What happened in Charlottesville, VA over the weekend is appalling and sad and discouraging. The fact that white supremacists have become so bold as to march in a college town, with no hoods or masks, is chilling.
But it really shouldn’t be surprising.
For decades, African-American men and women have been warning us that racism is alive and well in this country. They have been pleading with us to pay attention to police shootings, rising incarceration rates and disparity in education and job opportunities. They have lived in fear for the safety of their children and they have begged our communities to speak out against racism.
Did we not believe them? Did we think they were being hysterical? Did we need proof?
One of the gifts of social media is that regular people can now record what is happening all around them. They can now document incidents of police shootings and white supremacy rallies. We have proof now. We cannot ignore or explain away these pictures and videos.
It is good and right that we are now paying attention. I noticed last night, though, that a lot of well-intentioned white people want to know what we should do about these events. We want people of color to tell us what to do next, but that’s not really their job. This isn’t their mess. It is our mess and it is ours to fix.
When I don’t know what to do when things are really broken, in families and in communities and in churches, I find that confession is often a good place to start. True healing can’t really happen until the brokenness is allowed into the light.
Those of us who thought we’d made more progress than this have to face our complicity in white privilege. We need to acknowledge the ways that being white has benefited us. We need to admit that we are part of the problem.
A few years ago, our local Presbytery shared a short video as a Call to Confession. The video was called, “Get Home Safely: 10 Rules of Survival.” In less than two minutes, parents explained to African-American children what to do when they are stopped by the police. Children also spoke about how to stay safe; children that looked like my twins.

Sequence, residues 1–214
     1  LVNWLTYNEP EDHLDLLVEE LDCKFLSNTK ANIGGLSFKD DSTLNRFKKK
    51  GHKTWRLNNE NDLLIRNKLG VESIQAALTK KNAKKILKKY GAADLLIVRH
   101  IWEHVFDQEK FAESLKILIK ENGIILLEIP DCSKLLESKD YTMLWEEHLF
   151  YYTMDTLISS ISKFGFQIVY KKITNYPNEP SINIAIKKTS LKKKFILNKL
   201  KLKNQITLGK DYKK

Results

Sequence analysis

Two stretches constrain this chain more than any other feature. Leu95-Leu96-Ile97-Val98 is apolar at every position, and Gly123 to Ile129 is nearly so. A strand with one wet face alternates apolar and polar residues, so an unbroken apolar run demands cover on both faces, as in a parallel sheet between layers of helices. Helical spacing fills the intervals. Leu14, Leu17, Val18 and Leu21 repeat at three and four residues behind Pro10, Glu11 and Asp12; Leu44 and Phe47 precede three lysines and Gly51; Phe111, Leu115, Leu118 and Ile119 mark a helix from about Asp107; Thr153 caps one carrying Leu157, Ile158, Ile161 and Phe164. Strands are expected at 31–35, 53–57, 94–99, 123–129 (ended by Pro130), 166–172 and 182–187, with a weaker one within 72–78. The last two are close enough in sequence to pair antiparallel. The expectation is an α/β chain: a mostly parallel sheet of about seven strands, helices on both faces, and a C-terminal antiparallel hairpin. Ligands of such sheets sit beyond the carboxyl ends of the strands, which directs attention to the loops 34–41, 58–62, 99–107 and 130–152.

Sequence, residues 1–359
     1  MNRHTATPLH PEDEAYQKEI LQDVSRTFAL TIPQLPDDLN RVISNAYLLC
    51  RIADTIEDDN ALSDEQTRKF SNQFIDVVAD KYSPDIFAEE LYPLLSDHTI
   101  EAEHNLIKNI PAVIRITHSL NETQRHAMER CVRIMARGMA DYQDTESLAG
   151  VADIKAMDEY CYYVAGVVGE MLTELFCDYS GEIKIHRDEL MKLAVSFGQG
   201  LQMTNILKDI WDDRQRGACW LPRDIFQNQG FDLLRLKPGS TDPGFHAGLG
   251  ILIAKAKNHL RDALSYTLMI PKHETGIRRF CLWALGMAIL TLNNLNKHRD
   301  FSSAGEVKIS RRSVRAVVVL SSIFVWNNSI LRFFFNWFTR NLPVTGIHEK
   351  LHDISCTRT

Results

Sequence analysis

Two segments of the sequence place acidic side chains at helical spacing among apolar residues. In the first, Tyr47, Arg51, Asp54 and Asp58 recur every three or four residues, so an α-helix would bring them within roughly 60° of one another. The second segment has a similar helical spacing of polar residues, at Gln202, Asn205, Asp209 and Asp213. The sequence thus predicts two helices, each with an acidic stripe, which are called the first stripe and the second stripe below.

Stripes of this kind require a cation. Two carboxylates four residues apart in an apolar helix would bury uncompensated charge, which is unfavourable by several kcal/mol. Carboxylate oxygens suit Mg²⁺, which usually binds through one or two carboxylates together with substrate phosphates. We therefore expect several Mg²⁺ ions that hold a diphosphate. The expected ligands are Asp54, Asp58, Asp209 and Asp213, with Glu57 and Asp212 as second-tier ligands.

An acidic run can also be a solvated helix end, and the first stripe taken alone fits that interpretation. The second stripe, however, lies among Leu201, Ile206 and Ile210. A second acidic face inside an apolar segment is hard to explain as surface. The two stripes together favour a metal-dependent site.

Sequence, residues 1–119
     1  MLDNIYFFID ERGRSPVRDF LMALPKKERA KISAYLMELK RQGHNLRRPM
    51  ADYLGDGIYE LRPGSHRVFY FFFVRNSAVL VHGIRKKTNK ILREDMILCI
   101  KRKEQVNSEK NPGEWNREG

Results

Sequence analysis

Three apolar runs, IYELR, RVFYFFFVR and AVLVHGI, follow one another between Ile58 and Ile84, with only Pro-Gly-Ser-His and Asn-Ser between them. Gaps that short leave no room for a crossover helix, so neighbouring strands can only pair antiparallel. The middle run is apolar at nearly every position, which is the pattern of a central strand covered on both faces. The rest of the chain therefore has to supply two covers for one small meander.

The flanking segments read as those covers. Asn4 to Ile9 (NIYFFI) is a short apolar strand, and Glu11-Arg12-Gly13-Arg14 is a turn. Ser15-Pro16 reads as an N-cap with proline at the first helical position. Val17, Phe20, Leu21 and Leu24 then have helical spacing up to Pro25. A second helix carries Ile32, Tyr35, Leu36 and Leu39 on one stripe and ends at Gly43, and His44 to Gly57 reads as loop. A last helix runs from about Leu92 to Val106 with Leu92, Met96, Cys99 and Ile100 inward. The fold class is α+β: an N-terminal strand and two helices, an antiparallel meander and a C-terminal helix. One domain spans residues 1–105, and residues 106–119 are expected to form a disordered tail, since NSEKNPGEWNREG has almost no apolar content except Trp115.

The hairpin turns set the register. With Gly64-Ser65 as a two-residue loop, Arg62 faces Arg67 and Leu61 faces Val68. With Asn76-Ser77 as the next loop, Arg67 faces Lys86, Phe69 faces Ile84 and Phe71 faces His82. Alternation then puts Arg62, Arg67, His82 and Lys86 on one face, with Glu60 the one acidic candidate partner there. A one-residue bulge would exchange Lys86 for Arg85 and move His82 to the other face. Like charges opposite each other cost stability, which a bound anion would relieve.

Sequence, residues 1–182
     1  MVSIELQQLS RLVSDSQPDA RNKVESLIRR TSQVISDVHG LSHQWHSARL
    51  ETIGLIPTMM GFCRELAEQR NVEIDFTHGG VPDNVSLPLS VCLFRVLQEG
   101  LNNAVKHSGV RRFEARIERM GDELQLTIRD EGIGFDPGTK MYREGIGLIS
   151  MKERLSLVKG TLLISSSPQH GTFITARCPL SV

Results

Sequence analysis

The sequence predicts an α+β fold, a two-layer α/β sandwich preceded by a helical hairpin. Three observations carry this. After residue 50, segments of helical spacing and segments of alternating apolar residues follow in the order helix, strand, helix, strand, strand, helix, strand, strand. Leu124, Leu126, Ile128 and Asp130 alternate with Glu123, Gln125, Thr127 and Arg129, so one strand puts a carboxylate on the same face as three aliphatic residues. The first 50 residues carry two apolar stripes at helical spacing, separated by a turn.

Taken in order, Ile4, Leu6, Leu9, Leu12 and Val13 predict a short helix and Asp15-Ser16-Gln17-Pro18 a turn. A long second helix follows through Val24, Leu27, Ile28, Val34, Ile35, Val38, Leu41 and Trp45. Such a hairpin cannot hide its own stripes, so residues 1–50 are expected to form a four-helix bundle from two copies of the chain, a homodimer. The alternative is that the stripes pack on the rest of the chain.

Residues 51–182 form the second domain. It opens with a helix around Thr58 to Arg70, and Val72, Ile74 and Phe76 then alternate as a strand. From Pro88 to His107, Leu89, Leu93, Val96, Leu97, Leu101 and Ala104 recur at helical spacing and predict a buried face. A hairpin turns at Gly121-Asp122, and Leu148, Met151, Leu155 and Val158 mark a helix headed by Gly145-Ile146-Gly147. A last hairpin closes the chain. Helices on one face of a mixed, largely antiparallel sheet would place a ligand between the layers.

As soon as the video ended, I ran crying out of the sanctuary. Even as I was doing this, I recognized that this behavior was inappropriate; not because it was dramatic and emotional, but because I was acting like I’d just discovered that it was unsafe to be a black person in America. This certainly was not news to my black brothers and sisters and it shouldn’t have been news to me.
As I watched the video, I must confess that I was undone mostly because those children looked like my twins. This shouldn’t have mattered; regardless of the color of their skin, all sons and daughters deserve love and protection. This should be true for all children and not just for children who look like mine.
Once I became a mom to black children, I became more aware and more vocal about racism. I confess that this should have been true no matter what color skin my children have. I confess that it shouldn’t have taken my family having skin in the game to face the truth of racism head on.
Lord, in your mercy, hear my prayer.